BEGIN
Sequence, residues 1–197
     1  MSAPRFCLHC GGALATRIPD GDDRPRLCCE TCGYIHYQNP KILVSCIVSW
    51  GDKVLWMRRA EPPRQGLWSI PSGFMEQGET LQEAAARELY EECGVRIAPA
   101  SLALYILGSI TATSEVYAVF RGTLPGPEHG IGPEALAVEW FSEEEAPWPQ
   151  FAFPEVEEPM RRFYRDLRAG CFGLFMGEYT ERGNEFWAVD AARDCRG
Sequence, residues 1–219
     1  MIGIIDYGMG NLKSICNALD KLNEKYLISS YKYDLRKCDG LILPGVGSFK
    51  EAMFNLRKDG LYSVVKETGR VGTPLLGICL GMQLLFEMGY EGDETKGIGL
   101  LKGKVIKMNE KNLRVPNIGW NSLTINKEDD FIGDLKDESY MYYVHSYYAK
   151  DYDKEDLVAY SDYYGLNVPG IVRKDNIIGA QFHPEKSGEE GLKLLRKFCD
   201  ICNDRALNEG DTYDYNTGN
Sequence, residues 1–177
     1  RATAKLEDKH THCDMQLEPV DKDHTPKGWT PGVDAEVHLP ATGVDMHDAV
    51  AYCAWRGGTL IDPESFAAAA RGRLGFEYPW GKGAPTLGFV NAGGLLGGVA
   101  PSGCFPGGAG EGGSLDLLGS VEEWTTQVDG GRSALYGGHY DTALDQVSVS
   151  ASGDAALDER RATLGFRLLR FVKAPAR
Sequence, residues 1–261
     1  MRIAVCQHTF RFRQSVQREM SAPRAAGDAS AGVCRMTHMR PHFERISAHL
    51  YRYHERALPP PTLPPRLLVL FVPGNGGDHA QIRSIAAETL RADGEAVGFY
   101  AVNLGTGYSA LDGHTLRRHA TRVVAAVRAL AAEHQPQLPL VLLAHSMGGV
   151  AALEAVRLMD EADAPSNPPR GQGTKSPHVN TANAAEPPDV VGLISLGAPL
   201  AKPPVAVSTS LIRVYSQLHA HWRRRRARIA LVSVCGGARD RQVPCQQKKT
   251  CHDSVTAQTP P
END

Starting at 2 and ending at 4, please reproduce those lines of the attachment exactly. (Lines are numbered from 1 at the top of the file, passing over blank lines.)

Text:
     1  MSAPRFCLHC GGALATRIPD GDDRPRLCCE TCGYIHYQNP KILVSCIVSW
    51  GDKVLWMRRA EPPRQGLWSI PSGFMEQGET LQEAAARELY EECGVRIAPA
   101  SLALYILGSI TATSEVYAVF RGTLPGPEHG IGPEALAVEW FSEEEAPWPQ